While I'm pretty certain my three older sisters have forgotten about the Christmas when we received our Atari 2600, I most certainly have not — I was three years old, the box was hiding under the couch and Combat was my game of choice. My dad probably hated that Christmas considering the hours he was forced to spend wiring the cursed thing to the back of our aging 19-inch television, but we all loved him for it. To this day, he refuses to let on that he threw all those game of tank pong we played together. Anyway, here's to Christmas: the holiday which I'm sure introduced many of us to a hobby that's lasted a lifetime.

Ryan O'Connell

My favorite memory is getting the Sega Genesis and pouring more hours than are available in a day to Sonic the Hedgehog.

Jeremy Steeves

Few things in my childhood hold such a vivid place in my memory as unwrapping a Sega Genesis. Looking back, I don't know how someone can play Sonic the Hedgehog or Mortal Kombat THAT much, but I did — and I loved it. The downside to unwrapping a Sega Genesis on Christmas? I don't think I was as appreciative of the post-console socks as I should have been. What?! I was young.

Matthew Theroux

Christmas and gaming. Growing up I received many games as gifts; I can only remember bits and pieces about some of them. I can remember getting the first Final Fantasy many years ago, and getting frustrated with it because I was trying to play it like an action game. There was the year that I got my Gameboy, the only game I got with it was Balloon Kid, which quickly got boring. It took a few years to get a healthy library going for it, which included WarioLand, another Christmas gift. The last game that I got as a gift was Castlevania: Curse of Darkness a few years ago. I remember being impressed with the forging and tiny devil systems as I started the game. However, these are only fragments of memories. I have some that are much more well-ingrained.

When it comes to Christmas, games always had a higher priority on Christmas Eve than on Christmas Day. On Christmas Eve it's tradition to go over to my Grandma's on my dad's side. There my cousin would bring along a console for everyone to play. I got exposed to a lot of classic games that way. Things like Toejam and Earl and Chrono Trigger. I still remember mine and my cousins' parents yelling at us to pack things up so we could go home the year he brought Chrono Trigger. Over the years the consoles kept up with the current trends. So when the 64 was out, that's what we played. When the 360 first came out he brought that over. Growing up these Christmases were always a great way to see what was out there for games, and now that I'm much older it's my turn to lead the way with unique and entertaining games to show off.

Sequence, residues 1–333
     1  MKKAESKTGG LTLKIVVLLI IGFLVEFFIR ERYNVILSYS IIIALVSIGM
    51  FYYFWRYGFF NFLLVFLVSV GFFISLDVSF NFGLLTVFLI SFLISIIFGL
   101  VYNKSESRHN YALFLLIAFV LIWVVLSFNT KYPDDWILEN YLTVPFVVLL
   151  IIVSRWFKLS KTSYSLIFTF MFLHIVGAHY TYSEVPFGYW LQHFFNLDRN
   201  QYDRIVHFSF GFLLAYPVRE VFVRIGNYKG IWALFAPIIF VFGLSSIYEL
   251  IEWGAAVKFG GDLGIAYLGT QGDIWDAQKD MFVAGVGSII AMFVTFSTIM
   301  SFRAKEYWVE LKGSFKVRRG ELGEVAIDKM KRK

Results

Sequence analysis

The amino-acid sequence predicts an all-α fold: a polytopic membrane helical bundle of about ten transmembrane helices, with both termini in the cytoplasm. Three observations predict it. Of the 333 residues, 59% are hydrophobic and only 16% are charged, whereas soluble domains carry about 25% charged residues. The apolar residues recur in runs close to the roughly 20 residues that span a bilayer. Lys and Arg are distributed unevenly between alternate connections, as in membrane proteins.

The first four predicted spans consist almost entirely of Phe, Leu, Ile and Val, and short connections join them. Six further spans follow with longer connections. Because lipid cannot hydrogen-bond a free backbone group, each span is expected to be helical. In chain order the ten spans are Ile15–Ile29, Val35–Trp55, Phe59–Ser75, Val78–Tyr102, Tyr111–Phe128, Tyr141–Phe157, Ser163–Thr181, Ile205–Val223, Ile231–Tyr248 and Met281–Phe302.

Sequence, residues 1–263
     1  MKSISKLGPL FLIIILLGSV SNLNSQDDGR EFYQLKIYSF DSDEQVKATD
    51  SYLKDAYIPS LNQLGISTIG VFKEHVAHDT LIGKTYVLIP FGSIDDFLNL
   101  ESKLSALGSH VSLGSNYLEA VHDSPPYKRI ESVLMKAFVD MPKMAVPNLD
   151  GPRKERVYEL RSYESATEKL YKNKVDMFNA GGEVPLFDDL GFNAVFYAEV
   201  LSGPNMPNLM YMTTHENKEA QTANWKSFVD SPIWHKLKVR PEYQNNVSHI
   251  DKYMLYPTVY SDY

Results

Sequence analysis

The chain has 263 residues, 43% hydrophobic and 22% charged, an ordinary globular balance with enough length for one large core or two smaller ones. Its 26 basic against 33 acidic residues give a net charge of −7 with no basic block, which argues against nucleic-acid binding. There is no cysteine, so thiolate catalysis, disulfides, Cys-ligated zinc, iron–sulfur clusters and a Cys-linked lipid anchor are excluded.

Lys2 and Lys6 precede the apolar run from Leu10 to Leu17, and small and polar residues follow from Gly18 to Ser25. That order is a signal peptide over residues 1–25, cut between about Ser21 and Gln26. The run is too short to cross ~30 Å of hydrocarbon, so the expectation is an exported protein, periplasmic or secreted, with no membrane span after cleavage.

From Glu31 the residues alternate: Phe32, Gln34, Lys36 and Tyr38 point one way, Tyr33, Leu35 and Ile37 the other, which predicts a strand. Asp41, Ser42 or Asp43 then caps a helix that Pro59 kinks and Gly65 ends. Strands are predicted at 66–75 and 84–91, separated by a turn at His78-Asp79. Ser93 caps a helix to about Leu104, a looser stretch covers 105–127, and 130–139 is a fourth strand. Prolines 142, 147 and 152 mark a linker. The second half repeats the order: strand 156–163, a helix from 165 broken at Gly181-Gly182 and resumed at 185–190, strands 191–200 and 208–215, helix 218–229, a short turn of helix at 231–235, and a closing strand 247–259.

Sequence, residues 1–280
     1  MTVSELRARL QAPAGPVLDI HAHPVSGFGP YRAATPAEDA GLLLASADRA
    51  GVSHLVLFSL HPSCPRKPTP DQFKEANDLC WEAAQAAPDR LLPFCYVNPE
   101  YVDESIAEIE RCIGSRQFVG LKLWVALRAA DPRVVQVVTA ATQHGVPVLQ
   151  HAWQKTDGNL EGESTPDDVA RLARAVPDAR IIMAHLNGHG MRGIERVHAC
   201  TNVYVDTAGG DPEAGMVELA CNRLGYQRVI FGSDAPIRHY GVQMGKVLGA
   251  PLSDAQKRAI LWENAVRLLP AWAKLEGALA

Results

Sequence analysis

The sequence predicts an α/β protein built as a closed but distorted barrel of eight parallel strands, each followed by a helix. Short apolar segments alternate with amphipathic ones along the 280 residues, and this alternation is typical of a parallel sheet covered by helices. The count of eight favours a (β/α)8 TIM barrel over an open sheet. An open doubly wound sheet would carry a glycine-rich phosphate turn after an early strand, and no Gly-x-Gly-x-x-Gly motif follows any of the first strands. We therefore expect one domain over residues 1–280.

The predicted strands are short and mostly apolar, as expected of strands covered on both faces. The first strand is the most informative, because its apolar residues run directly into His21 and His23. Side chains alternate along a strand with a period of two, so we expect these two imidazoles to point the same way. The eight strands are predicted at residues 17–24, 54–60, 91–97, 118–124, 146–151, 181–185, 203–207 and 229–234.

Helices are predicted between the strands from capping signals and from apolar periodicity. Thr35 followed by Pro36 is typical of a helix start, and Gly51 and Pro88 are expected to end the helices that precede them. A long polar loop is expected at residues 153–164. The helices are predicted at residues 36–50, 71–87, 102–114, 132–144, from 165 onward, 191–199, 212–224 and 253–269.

Michael Ubaldi

My sister and I did not expect Christmas 1986 to bring any less delight than the holidays past — but how it would, we could never have guessed. Jumping from the stairs at our parents' call, the two of us rushed to the tree and got on all fours, inspecting the pile of wrapped packages. Minutes passed before my father asked us to look on the far side of the tree — Over there, guys; No there; No, no, right here, see? Monitor, keyboard and casing: a beige Tandy 1000 EX sat on a chair. Dad flipped a switch. A fan spun, a screen lit, and the auto-executable file my father wrote greeted us:




Four gifts were unwrapped — four boxes with software inside them. My family marveled, boggled and played with that Tandy, all morning, all afternoon, past the evening and long afterward.


I remember when it all began for me, when I was first introduced to the world of gaming that would eventually consume my paychecks later on in life. I was young, the air was filled with the sweet aroma of fresh baked cookies, and the joyful melodies of Christmas music and laughter. I was decked out in my Ninja Turtle pajamas unwrapping a substantially sized present as my sisters, parents and close relatvees watched. I peeled back the decorative wrapping in a flurry and the gift was revealed to me: a Nintendo Entertainment System. I was ecstatic. I ran around screaming with joy as my family laughed and smiled at my enthusiastic reaction.

I remember my dad hooking the NES up to our TV and my sisters joining me in what would become an addiction of mine. We played Super Mario Bros. and Duck Hunt for the rest of the day. My sisters and I would switch turns and we had a blast. That is one of my most memorable Christmas mornings and I am proud to say that I still have that same NES today.